Not everyone decides to pursue parenthood in their 20s or 30s. Some may be focused on their careers or haven’t yet found the right partner to start a family with, and that’s okay! In fact, it has become increasingly more common for women to start “trying” later in life, with the average age of first-time mothers currently at 26, up from 21 in 1972. 

While becoming pregnant after the age of 40 can pose significantly more risks, it’s still very possible to carry and deliver a healthy baby. Many celebrities like Eva Longoria, Janet Jackson, and Kenya Moore of the Real Housewives of Atlanta waited to become first-time mothers until they were in their 40s. 

If you’re trying to conceive after 40, here’s everything you need to know about your odds of getting – and staying – pregnant with your own eggs.

two friends in conversation at the kitchen table

Getting pregnant with your own eggs after 40

When it comes to female fertility, age is the main factor affecting one’s chances of becoming pregnant. Women are born with all of the eggs they will ever have, and as a women ages, egg count and quality continue to decline until menopause eventually occurs. 

That said, with age natural conception becomes increasingly more difficult, and women over 40 may need to consider other fertility options to increase their chances of becoming pregnant. In fact, by age 45, it is relatively rare for a woman to become naturally pregnant without fertility treatments. 

So, if you’re trying to conceive over 40, know that it may be challenging – although not impossible – for you to conceive with your own eggs. The first step should be to consult with a fertility specialist who can run diagnostic tests to determine the best option to increase your chances of conceiving and carrying a pregnancy.                             

What are the potential risks of pregnancy in your 40s?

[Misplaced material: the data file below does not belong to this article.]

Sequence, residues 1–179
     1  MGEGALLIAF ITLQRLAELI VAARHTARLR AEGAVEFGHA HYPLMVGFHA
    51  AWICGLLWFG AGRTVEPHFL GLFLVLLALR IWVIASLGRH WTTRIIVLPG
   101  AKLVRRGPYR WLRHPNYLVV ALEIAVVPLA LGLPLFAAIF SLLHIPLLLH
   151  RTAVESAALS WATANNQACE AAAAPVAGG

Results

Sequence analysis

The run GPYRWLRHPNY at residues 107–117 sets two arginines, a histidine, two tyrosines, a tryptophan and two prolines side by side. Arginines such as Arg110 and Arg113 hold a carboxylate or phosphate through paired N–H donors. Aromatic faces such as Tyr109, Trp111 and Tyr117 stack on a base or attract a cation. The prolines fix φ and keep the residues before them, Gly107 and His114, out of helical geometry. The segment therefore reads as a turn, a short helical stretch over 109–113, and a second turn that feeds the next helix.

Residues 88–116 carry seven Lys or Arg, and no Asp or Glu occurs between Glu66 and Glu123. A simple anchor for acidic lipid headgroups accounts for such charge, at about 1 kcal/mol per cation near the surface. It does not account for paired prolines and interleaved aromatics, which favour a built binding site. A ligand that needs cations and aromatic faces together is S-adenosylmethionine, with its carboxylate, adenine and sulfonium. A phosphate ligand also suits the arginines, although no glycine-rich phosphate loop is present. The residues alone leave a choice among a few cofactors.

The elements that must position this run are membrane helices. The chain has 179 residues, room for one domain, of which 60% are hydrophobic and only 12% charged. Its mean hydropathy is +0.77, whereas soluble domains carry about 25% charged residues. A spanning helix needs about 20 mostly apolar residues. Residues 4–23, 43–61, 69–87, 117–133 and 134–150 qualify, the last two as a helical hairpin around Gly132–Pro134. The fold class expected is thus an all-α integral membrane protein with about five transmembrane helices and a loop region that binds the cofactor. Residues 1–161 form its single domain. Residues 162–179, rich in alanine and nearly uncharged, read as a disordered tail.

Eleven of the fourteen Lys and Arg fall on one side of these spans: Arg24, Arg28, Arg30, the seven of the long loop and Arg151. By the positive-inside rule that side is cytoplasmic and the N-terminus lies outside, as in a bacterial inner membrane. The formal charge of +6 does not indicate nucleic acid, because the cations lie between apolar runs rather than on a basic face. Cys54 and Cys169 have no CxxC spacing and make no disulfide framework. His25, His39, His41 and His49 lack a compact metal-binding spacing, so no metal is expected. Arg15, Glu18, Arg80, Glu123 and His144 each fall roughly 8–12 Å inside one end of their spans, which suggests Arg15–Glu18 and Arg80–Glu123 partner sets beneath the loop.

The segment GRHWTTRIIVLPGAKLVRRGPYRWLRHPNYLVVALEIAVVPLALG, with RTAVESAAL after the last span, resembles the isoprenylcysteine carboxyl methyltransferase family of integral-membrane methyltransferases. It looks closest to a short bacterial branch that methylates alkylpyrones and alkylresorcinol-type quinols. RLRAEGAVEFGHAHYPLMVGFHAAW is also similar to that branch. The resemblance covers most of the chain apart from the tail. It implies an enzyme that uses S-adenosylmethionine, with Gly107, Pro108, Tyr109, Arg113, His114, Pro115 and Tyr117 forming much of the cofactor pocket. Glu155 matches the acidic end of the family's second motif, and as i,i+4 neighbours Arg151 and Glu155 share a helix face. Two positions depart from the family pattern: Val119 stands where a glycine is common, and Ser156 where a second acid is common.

While pregnancy poses risks for women at any age, potential complications are heightened for women over 40. The complications range from mild to severe, which can potentially lead to a difficult pregnancy or possible miscarriage. 

Some potential risks that may arise in pregnant women over the age of 40 are: 

  • High blood pressure: If left untreated, it can lead to preeclampsia, a blood disorder that occurs after 20 weeks of pregnancy.

  • High birth weight of baby: Also known as fetal macrosomia, it is when a baby weighs over 8 pounds and 13 ounces after birth. 

  • Down syndrome: A genetic disorder that develops when cellular division creates an additional or partial copy of chromosome X. 

  • Gestational diabetes: Type of diabetes that develops in women who haven’t been previously diagnosed with diabetes.

  • Gestational hypertension: A form of blood pressure that arises during pregnancy.

  • Need for a blood transfusion during pregnancy or delivery when you’ve experienced blood loss. 

  • Placenta previa: Occurs when some or all of the placenta covers the opening of the uterus.

  • C-section: An alternative option for mothers and their babies when natural birth is not the safest delivery method.